A 533-pound Great White Shark Has Been Tracked Swimming Inland on the North Carolina Coast

A great white shark measuring 9-foot-8 inches in length has been tracked entering Albemarle Sound—a large estuary on the coast of North Carolina.

The 533-pound shark, known as Cabot, swam inland from the Atlantic into the estuary on Wednesday, with its tracker pinging at around 8 p.m. close to Point Harbour, WAVY reported.

Cabot was tagged with a monitoring device by non-profit OCEARCH in 2013. This tag enables scientists to monitor the animal's movements, providing insights into its behavior.

The shark was named after the Italian navigator John Cabot who sailed along the coast of North America in 1497 in what was the earliest known European exploration of this part of the world since the visits of Norse Vikings in the eleventh century.

OCEARCH has been tracking sharks off the North American east coast for several years, revealing how great whites often migrate thousands of miles from more northerly latitudes to the warmer waters off the coast of Georgia, the Carolinas and Florida during the winter.

The non-profit's monitoring data shows that all of the great whites that it tagged in the waters off Nova Scotia, Canada, this year are now spread out across a vast region.

"They've got a good chunk of the east coast covered right now," the non-profit said.

Tagging data like this has revealed that there could be two sub-populations of white sharks in the northwest Atlantic: one that congregates in the area of Cape Cod, Massachusetts, in the late summer and early fall, and another that aggregates in Canada.

"So in the study of the white shark in the northwest Atlantic, we're tracking these big animals all the way from Atlantic Canada to all the way down in the Florida peninsula," Robert Hunter, OCEARCH's chief science advisor, said in a Facebook post.

"Something fascinating that we've noticed is that there are some animals that go to the Cape Cod area in the summertime to feed. And then there are others, that have bypassed cape cod and come up Nova Scotia to feed," he said. "So right now we are looking at the possibility of two distinct groups or subpopulations of white sharks in the northwest Atlantic."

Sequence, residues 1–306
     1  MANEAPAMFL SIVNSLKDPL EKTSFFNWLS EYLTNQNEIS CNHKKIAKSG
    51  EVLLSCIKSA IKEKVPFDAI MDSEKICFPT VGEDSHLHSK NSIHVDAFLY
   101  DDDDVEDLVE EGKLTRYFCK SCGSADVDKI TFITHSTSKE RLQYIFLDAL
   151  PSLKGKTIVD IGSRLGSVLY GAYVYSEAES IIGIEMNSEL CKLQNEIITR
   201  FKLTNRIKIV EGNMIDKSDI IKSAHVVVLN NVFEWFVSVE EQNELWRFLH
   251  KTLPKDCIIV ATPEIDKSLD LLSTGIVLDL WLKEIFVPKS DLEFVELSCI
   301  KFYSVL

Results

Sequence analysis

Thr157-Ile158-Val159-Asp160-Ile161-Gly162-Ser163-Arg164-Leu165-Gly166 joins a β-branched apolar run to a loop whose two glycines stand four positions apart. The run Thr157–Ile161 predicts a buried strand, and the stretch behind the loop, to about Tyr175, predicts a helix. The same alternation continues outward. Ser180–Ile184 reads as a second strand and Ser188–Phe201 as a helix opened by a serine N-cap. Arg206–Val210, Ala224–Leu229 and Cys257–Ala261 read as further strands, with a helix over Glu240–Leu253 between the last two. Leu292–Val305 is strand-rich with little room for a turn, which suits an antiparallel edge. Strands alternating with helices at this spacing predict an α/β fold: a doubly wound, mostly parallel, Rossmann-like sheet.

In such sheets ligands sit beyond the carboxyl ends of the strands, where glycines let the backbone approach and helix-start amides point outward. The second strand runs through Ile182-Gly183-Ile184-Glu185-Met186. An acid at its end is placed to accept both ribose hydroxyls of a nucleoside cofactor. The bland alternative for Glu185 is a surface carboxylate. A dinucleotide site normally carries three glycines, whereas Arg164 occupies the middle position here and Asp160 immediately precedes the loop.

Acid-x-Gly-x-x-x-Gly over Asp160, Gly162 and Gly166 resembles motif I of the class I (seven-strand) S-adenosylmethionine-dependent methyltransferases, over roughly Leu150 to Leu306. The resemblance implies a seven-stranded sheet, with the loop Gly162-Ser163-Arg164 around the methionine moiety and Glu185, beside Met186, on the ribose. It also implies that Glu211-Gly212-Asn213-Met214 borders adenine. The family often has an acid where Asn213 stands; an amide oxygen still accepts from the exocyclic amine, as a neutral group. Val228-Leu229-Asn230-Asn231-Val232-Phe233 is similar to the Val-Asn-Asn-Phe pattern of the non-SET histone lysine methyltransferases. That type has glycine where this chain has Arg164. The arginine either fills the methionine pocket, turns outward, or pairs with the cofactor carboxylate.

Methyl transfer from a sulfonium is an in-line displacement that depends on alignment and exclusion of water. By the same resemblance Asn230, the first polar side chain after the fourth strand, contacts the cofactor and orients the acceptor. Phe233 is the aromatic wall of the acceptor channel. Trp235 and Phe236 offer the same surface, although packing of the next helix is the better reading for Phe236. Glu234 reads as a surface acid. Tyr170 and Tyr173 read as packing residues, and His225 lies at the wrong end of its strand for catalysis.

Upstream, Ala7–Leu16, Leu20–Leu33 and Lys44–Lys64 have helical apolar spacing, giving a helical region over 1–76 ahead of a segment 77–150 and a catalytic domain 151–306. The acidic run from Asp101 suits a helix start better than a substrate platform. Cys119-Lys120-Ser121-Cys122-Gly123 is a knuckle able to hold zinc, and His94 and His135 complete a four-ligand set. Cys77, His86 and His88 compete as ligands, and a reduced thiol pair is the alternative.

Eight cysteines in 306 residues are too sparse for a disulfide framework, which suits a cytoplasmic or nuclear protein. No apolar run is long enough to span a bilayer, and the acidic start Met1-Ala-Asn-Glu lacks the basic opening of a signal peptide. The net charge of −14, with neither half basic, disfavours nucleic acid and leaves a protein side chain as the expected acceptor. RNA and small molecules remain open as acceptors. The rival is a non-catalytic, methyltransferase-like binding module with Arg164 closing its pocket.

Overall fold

great white shark
A great white shark. Dave J Hogan/Dave J Hogan/Getty Images

This is just a hypothesis for now, so further research, such as genetic testing of the two proposed populations and analysis of tracking data, will be required to confirm the idea.

Earlier this year in September, OCEARCH caught and tagged a great white measuring 15 feet and 5 inches in length and weighing more than 2,000 pounds in the waters off Cape Breton in Nova Scotia.

The female shark, dubbed Unama'ki, is the second largest that OCEARCH has ever caught and tagged in the northwest Atlantic.

In late October, Unama'ki, entered the Gulf of Mexico after a journey of roughly 2,000 miles. A ping from her tracker on November 13 indicated that she has now made her way deeper into its waters. OCEARCH said that this visit to the Gulf is "quite a bit earlier than we are used to seeing."

In fact, one of the sharks that the non-profit is tracking pinged in the Gulf of Mexico in mid-October. This marked the first time that OCEARCH had tracked a great white into the Gulf in October.

Unama'ki's movements have been tracked all along the eastern seaboard, and OCEARCH researchers say this could provide fascinating new insights into the lives of these sharks.

"As a big mature female, Unama'ki has the potential to lead us to the site where she gives birth and exposes a new white shark nursery," the non-profit said.